cover-crosswalk.jpgThe San Francisco Municipal Transportation Agency board of directors decided to go ahead with a bicycle and pedestrian safety project along three blocks of Oak and Fell streets this afternoon.

The board unanimously approved designs along Fell and Oak streets between Scott and Baker streets that would include eliminating a lane of traffic and constructing a “cycle track” bikeway, 12 “bulbouts,” or sidewalk extensions, traffic signal changes and other traffic calming efforts.

The plan calls for a wider bikeway, sidewalk greening and other enhancements that will take curbside space currently used for car parking along the three blocks near the Panhandle.

As part of the proposed project, designers will remove about 100 parking spaces, mostly on the south side of Oak Street and Fell Street between Scott and Baker streets.

To accommodate the loss of parking, the SFMTA plans to consolidate bus stops on Hayes Street and put in angled and perpendicular parking on Baker Street between Fell and Haight streets and other nearby roads.

At today’s meeting, dozens of residents, bicyclists, motorists, pedestrians and community activists spoke in favor and against the plan.

North of Panhandle resident Richard Boardman said he is a cyclist and owns a car and he supports the project, which requires compromise from the bicycle and motorist community.

He called the project “a compromise for everyone.”

Deane Hartley, a self-identified avid cyclist, called the changes “marginal improvements” that force nearby residents, business owners and tourists to make sacrifices for the bicycling community.

Sixty-year-old Richmond District resident Terry Rolleri said he doesn’t have a lot of sympathy for people criticizing the plan just because it eliminates parking spots.

“I’m not going to ride a heavy-loaded bicycle with groceries up a steep hill,” he said, addressing suggestions to modify hilly Hayes or Page streets for bicyclists to use as a thoroughfare instead of Oak and Fell streets.

Fell Street resident Howard Chabner told the board in his motorized chair that the project discriminates against those with mobility issues.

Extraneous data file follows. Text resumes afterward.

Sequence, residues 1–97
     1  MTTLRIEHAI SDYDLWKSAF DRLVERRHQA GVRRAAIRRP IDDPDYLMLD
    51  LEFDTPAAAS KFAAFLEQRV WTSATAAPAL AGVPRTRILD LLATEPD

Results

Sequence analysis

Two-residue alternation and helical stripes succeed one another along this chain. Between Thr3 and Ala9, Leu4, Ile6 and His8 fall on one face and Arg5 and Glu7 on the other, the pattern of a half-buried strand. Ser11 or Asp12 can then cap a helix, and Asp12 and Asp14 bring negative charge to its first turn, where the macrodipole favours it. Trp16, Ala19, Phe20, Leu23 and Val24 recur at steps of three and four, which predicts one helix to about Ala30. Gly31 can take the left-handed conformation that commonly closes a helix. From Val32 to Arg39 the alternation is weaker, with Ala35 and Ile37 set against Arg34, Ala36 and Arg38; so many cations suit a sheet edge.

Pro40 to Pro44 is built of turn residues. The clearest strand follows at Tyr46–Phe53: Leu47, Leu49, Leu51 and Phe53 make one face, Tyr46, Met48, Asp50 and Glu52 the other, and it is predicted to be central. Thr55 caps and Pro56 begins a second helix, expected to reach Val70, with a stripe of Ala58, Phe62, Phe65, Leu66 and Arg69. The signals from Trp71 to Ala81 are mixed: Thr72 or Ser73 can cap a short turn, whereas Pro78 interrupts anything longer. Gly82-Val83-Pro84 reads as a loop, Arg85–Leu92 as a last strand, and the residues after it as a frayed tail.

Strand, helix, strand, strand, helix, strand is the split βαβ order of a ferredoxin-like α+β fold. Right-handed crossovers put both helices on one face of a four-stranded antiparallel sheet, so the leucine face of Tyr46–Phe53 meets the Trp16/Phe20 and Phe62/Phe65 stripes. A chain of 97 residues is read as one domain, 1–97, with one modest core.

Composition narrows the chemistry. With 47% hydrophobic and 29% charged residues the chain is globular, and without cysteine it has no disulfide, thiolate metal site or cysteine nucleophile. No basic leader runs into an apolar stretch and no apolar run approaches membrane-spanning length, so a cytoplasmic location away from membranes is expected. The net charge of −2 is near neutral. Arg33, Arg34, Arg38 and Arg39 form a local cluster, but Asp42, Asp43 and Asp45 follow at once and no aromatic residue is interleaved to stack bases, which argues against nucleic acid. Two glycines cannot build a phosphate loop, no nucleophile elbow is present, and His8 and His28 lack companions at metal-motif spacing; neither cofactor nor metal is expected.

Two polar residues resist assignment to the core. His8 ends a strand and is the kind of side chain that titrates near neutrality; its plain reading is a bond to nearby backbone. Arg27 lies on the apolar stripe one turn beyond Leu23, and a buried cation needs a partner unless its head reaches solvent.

He said he considers the loss of access to the curb for segregated bicycle lanes and the fewer parking spaces unnecessary difficulties for those like himself who depend on cars or Muni buses to get around the city.

The bicycle and pedestrian advocacy community came out in support of the project, which has undergone intensive neighborhood input with meetings and notices throughout the past year.

Walk SF executive director Elizabeth Stampe is particularly eager to see the “bulbouts” extend the sidewalk and shorten the crosswalks.

Another design element she supports is the “day lighting” intersections that help improve pedestrian visibility by removing cars at the corner of the street.

“When people start seeing these types of improvements…they’ll start happening all over the city,” Stampe said.

The San Francisco Bicycle Coalition has flagged this area as crucial for bicyclists who use Oak and Fell streets as part of the “Wiggle” bicycle route that connects the Panhandle and western neighborhoods to Market Street and downtown.

The coalition has been advocating for these changes that include a bike path separated from street traffic.

Neal Patel with the San Francisco Bicycle Coalition spoke at this afternoon’s meeting reiterating that the three-block stretch on both streets terrify bicyclists with its fast drivers and cramped and shared bike lanes.

Stampe, who said Walk SF and the coalition worked separately but with the same goal, highlighted several proposed changes that are “taking some of the space back for people who aren’t in cars.”

The $1.26-million project will begin in the coming weeks, with the full project aimed to be completed by summer 2013.

Luis Montoya, the project manager with SFMTA, said much of funding for the planning and construction comes from a streets bond.

The first changes of the approved project include changing parking spaces and starting construction on the Fell Street bicycle track and then Oak Street, which unlike Fell Street does not currently have a bike lane.

Sasha Lekach, Bay City News

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